that with this people now assume that Lakeland also switched over, but to clarify, Lakeland says, “Christmas Break” in its student planners. The reason is because Lakeland is a UCC affiliated school. Although Lakeland does not require students to practice Christianity, they still maintain their Christian background and use “Christmas Break” because this is a private school, and they are not legally obligated to follow political correctness. It is my personal opinion that people should be able to have freedom of speech, one value which our country was founded upon. So, if need be, forgive me when I say, “Have a Merry Christmas my Lakeland family and a Happy New Year. I will see you come the beginning of spring semester.”

News

New debate program

Lakeland’s addition to the beginning communication major By Benjamin Wilks Staff Reporter wilksb@lakeland.edu

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ebate is the art of arguing, and soon students at Lakeland College will be participating in this art. The program will begin next spring semester and will be headed by the instructor of the communication program, John McKenzie. McKenzie has been an instructor at Lakeland College for a year and

a half now, and is very excited for the program. “Students have been asking for it since the beginning of the year,” says McKenzie. “I did speech and debate in high school, and it was very fun. Since so many students want to have it here, I thought, why not.” McKenzie states that the program doesn’t have a budget yet, but they are working on it. The program will have a class to go along with it

called the Debate Practicum. “The class will be for the participants in the program, and students majoring in communication,” says McKenzie. Students with and without experience will be able to participate in the program. The coach for the team will be David Henning. Henning has thirty years of experience teaching debate and forensics. Allyssa Ourada, a freshman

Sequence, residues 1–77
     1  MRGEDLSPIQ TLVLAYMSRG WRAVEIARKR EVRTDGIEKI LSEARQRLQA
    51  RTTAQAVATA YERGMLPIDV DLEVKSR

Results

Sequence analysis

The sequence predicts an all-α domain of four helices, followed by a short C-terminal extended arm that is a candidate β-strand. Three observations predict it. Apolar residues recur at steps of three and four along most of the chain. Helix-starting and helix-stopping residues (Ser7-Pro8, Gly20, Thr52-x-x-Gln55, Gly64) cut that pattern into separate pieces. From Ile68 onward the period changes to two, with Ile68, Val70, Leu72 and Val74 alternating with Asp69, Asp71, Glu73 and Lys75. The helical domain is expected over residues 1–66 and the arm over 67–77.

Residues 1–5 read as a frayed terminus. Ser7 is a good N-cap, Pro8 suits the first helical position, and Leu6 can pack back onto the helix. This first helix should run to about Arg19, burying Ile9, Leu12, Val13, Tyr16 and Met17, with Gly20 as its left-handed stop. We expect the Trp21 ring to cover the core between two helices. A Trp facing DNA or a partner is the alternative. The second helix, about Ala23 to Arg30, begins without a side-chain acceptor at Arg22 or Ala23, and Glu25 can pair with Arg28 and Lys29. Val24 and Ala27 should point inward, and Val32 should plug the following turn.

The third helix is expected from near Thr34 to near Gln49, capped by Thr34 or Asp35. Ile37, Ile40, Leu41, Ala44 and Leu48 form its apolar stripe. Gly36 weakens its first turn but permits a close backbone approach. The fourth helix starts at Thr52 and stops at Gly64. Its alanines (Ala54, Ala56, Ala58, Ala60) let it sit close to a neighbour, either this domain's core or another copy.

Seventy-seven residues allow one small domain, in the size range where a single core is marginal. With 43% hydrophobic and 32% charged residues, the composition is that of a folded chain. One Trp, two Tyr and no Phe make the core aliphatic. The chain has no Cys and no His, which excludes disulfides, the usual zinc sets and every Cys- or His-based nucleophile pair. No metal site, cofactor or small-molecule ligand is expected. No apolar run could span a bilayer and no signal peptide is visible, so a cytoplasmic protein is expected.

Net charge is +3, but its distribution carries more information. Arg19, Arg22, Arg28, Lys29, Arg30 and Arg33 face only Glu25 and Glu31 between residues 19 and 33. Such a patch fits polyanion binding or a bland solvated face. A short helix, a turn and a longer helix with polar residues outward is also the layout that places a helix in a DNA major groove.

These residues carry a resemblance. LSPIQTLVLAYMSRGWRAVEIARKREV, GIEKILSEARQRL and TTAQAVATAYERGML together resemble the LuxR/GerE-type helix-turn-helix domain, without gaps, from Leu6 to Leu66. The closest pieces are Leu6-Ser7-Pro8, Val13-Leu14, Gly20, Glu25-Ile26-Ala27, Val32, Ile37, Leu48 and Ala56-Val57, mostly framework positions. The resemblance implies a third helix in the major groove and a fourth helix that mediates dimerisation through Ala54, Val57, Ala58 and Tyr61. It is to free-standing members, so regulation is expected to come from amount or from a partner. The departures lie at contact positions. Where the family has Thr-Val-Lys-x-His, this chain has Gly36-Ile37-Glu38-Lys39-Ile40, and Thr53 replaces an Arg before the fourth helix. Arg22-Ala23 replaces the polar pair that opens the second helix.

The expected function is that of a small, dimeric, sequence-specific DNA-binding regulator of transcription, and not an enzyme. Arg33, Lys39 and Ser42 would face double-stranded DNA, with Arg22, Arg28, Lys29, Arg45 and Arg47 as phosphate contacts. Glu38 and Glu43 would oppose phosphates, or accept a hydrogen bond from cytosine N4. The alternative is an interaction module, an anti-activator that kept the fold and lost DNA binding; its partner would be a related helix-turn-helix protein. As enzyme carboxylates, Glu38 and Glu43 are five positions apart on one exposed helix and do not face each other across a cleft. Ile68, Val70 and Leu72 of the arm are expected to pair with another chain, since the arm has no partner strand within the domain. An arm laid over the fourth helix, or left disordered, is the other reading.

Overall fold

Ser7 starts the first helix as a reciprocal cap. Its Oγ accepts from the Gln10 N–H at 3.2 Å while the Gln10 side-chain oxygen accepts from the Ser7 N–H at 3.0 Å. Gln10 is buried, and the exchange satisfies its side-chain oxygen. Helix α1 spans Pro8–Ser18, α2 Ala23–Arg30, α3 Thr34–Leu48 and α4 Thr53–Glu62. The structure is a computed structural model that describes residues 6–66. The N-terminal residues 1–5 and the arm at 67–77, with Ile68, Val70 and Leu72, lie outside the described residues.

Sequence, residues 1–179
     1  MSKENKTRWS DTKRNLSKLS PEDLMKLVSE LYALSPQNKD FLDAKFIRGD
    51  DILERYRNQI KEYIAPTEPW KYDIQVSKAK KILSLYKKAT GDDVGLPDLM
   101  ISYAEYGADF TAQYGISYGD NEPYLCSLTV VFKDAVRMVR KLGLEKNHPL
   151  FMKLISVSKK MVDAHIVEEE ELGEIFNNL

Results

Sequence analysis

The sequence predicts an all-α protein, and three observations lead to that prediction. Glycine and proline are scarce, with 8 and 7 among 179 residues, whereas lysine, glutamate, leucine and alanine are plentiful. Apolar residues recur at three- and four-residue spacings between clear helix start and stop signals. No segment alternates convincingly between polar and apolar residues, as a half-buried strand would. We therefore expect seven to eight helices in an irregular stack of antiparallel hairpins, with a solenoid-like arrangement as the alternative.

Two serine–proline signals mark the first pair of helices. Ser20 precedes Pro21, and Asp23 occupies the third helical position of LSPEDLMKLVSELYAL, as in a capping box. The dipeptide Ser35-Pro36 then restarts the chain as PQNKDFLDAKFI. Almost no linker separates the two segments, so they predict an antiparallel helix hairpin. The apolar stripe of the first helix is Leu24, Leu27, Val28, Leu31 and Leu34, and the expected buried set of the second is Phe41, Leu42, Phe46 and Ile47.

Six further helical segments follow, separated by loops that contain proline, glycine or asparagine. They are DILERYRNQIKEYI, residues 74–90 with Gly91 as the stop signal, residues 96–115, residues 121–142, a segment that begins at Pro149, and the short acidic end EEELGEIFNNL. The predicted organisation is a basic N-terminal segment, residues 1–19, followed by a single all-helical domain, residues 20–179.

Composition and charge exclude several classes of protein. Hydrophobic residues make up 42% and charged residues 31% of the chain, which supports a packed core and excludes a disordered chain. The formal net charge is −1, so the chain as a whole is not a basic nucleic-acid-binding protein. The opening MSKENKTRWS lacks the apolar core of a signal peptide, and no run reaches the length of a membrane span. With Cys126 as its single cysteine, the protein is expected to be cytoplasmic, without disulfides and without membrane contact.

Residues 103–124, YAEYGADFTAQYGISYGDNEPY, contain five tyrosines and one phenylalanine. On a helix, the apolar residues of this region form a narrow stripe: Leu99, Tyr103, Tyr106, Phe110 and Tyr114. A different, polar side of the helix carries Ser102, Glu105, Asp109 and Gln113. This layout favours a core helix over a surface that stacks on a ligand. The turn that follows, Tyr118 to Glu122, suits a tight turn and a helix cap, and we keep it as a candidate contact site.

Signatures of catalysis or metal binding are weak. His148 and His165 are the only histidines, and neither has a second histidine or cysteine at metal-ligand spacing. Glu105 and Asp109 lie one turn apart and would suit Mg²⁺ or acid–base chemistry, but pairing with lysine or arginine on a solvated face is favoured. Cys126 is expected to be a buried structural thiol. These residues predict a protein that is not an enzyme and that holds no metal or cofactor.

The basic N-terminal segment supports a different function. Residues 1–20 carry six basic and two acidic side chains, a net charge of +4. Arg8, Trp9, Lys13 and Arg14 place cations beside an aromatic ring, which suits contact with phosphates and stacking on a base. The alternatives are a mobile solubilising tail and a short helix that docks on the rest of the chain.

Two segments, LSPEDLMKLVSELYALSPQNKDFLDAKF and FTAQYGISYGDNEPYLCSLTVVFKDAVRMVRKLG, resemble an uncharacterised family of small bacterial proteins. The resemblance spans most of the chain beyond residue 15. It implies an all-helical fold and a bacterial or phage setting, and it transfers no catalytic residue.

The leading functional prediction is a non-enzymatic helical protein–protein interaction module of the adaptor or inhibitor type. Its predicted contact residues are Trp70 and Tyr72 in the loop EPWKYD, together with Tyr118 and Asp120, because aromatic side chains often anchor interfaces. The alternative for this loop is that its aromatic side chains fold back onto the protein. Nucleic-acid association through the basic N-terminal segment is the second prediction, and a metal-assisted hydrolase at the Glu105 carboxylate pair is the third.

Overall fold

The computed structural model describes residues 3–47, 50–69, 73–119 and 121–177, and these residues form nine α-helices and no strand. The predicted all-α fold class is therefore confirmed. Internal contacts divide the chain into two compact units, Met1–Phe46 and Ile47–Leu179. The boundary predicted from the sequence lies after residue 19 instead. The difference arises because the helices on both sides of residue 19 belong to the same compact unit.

who is majoring in communication, is also joining the program. “I’ve always wanted to join the debate team in high school but didn’t,” said Ourada. “I enjoy arguing very much.” Ourada just got elected to the public relations seat for the debate program. “My job is to advertise and get the word out around campus so students who don’t know but would like to join will be able to.”

What the media does not want you to know about the polls Copy Editor ulatowskil@lakeland.edu

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oter fraud is a concept that major media outlets have long attempted to write off as a myth; it is one of the ultimate American taboos, a subject generally not addressed unless to counteract it. Nonetheless, evidence suggests that the media has taken it upon themselves to shield Americans from the existence of voter fraud, but isn’t it the citizens’ right to know? The New York Times and Rolling Stone are among the media empires that have recently featured editorials claiming that fraud does not exist. After all, the nation is respected for its democratic processes and the concept of voter fraud has the potential to undermine one of the foundations on which America was built, as well as the fairness by which its administrations are elected. In any case, elections are not immune to human flaws, especially as the political divide grows starker. A consequence of that